Clicking off on online cheats
Give people avenue for redress in case they are cheated, say online shoppers
THE number of online scams has risen in tandem with the popularity of online transactions. Consumers want another platform to take up cases against online sellers who cheat them. Right now, they are resorting to lodging police reports.
AS the number of online shopping transactions continues to soar, consumers are pushing for authorities to introduce some form of regulation to ensure that those who end up getting cheated have an avenue for redress.
One of the options suggested was for the Domestic Trade, Cooperatives and Consumerism Ministry to provide a special platform, possibly under the consumer tribunal, to take up cases against online sellers who cheat buyers.
Right now, victims only have the option of lodging a police report, and it ends there.
The New Straits Times received complaints on the issue following its front-page report yesterday on a law to ensure that sellers provide full disclosure on the prices of their goods and services.
Many said online purchase scams had become rampant and some sellers were blatantly taking online shoppers for a ride.
A victim, Bibi Shareen Zenorai, 30, related how she bought a pair of limited edition shoes online, which cost her RM600, four years ago.
“I waited for two months and when I contacted the sellers, they kept saying there was an issue with the Customs and I had to wait. They repeated the same excuse every time I called.
“I was left frustrated... the only thing I could do was to warn others by posting messages on their website and Facebook pages. However, whenever I posted the negative feedback, it was deleted.
“In the end, I told them I was considering lodging a police report. To my surprise, the sellers challenged me to do so. They said many others had also considered doing the same.”
Bibi said she ended up losing RM600 and took it as a lesson learnt as she knew it was unlikely anything would happen even if she had lodged a report.
Another victim, Dainaziah Mohd Nasir, 36, said she suffered losses of RM12,065 after buying a popular cake mixer product for RM1,600, which was below market price, on mudah.my.
“After I saw a post on the product on the website, I texted the seller to make an inquiry.
“The seller sent me pictures of her shop in KB Mall in Kelantan to prove that she was a legitimate seller. I transferred the money and received a confirmation email from a courier service, its tracking number and a receipt of the air courier service for a nextday delivery.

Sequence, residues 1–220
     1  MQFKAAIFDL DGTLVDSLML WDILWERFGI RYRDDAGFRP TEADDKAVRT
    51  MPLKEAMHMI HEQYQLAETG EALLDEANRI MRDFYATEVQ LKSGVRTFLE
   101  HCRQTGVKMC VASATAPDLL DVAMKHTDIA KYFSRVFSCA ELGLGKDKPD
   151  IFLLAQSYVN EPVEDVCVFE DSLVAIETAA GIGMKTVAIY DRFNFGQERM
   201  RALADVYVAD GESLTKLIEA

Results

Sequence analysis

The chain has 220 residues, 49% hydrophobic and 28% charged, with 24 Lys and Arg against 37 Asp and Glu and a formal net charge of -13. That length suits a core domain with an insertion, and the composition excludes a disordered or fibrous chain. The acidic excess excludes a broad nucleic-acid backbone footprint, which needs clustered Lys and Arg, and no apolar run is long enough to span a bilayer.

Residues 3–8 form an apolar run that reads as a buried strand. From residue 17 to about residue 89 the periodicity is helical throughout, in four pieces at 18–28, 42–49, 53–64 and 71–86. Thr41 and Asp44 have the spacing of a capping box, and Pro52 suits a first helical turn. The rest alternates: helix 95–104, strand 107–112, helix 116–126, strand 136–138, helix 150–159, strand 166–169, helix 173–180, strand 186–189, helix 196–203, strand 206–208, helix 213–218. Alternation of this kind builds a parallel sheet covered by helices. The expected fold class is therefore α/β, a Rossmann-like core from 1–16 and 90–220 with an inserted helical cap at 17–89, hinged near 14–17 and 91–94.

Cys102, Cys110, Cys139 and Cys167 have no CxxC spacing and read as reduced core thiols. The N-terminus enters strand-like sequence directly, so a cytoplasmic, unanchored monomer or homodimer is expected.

“However, I started having doubts when the email stated that the item was sent from Brunei instead of Kelantan.”
Dainaziah said she later received another email from the courier service demanding that she pay an insurance charge of RM1,500. Upon contacting the seller, she was advised to make the payment and was told that she would be reimbursed later.
“The courier service kept on emailing me requesting for additional payment until I ended up paying a total of RM12,065,” she said, adding that the cake mixer was never delivered. She lodged a police report.
Social media was flooded with Netizens praising the ministry’s move to go after online traders as reported by NST.
Facebook user Amirah Ruslan said: “Please enforce this. I’m 100 per cent with you.”
Kam Hashim said : “Thank you. I am angry with this annoying practice of not displaying the price of items for sale.
“I don’t understand why I have to go the extra mile just to know the price. Can you imagine if stores sold items without price tags on them? Is it because they want to change the price when they feel like it?
“I do buy things online, but usually from those who display their prices up front.”
It was reported that the ministry is going after online traders, including those on social media, who did not list the prices and other details of their products and services.
Individuals running online businesses without observing the eight requirements listed by the ministry could be fined up to RM50,000 or face a jail term of not more than three years, or both.
The requirement by the Consumer Protection Act 1999 includes displaying the price, seller’s name, registration number, contact information, product description, methods of payment, terms and conditions, and estimated delivery time.